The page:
“You’d know about that, wouldn’t you, Lisa?” he said as he looked out the windows of his front room.

At that moment he couldn’t see Lisa, whose name he only knew because the guy who lived there had shouted it once when they were having a spat. She either didn’t stay nights with that guy or was too clever to let anybody catch her at it; Ross put his money on the latter. But he liked looking at that apartment and imagining her there.

As he stood there in his bathrobe, Alka-Seltzer fizzing comfortingly in his glass. Ross watched the guy receive his morning backrub from that older lady, his nurse or whoever. The guy looked pretty satisfied with himself. If you could start your day with a backrub, maybe you had a right to that look on your face.

But if you were throwing away a gorgeous gal like Lisa, throwing her away with both hands – maybe you shouldn’t be so satisfied with yourself.

Ross had a crush on the girl -- no more, no less. He'd always been a dreamer, and it was easy to dream up virtues to go with a lovely face. But he understood the difference between dreams and reality. Besides, she was out of his league, so far out that it was safe to admire her. Lisa might as well have been a bauble in Tiffany’s window.

That guy, though – the one who was actually in Lisa’s life, the one with the cast and the cameras – he knew her. He ought to be treating her right. Not sending her away each time with her pretty lips in a frown.



Pretty name. Soft. Easy to sing.

Didn’t get used in a lot of songs, unless you counted “Mona Lisa” – and that counted, he loved that one, and it was a big hit. A good sign, right?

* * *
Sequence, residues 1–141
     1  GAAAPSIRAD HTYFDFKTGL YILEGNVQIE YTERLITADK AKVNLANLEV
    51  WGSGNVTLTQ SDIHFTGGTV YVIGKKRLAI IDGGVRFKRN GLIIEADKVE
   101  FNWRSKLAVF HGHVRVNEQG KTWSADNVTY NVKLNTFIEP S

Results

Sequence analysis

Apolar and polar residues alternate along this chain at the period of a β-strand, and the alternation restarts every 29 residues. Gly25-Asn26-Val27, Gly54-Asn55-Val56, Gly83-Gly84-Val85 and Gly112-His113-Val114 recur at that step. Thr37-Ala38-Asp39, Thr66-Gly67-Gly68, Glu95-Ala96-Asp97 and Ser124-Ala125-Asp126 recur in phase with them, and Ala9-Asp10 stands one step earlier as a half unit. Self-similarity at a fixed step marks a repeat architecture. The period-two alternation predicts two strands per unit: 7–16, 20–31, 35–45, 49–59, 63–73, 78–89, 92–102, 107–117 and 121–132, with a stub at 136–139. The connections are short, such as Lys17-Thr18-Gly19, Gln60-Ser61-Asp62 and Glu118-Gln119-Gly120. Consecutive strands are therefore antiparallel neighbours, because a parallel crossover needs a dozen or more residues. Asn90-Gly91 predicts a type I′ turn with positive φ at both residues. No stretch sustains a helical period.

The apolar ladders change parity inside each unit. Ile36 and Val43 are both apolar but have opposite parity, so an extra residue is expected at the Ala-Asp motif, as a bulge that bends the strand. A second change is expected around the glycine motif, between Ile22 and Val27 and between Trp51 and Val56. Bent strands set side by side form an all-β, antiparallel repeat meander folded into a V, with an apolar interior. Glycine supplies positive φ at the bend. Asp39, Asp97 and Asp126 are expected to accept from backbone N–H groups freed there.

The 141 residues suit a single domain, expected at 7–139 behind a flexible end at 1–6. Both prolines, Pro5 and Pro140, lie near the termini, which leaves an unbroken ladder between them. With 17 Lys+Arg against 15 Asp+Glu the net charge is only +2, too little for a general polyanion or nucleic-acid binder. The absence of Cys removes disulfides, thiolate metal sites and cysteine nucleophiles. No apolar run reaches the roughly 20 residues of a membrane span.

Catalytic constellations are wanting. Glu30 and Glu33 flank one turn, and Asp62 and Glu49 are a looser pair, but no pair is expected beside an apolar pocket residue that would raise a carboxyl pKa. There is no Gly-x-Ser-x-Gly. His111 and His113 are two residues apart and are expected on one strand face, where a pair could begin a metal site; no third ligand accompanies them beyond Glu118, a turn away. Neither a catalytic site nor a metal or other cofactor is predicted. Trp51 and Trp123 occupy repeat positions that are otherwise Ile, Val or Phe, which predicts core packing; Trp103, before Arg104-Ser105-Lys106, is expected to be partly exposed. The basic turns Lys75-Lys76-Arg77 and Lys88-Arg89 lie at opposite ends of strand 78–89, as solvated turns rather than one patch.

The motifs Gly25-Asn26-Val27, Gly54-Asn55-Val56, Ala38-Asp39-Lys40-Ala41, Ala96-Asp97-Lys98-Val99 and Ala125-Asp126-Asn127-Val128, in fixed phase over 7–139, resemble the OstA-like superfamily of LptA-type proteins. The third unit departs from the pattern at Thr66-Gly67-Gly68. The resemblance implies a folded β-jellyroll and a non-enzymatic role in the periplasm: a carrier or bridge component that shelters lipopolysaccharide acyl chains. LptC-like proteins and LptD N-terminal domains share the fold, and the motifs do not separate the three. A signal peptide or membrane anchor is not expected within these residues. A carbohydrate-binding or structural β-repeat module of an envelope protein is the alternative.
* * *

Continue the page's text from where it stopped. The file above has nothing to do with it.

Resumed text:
Ross gulped down his Alka-Seltzer and sat at his piano. The first chord echoed in his head, too loudly – ahh, Christ, why did he have that fourth gin and tonic? – but he didn’t even care. The first bolt of inspiration he’d felt in a long time – that wasn’t something he intended to waste. That tune he’d been working on, the one that wasn’t quite coming together despite all the promise he sensed … well, it might just come together after all.

And maybe this time, he could cut through the crap and write something real.


He said his name was Dino. She wasn’t sure why she thought that might be a lie.

“You want to get out of here?” Dino had nice eyes and a nice smile, but they didn’t seem to go together somehow. Like he was smiling about something besides what he saw, or he was looking for something he wasn’t saying aloud.

“You mean, go to a club? For some music?” Evelyn smiled back. Smiling brightly was important, according to the book.

“Or your place. You live around here, you said. We could listen to some records. Sample some of that wine you said you had.”

She had mentioned the wine. She had mentioned her apartment being close by. She had worn an eye-catching color – emerald green, which had always looked good on her. The point of all this had been attracting a man, and she’d attracted one, so why did she feel like she wanted to run away from him as fast as possible?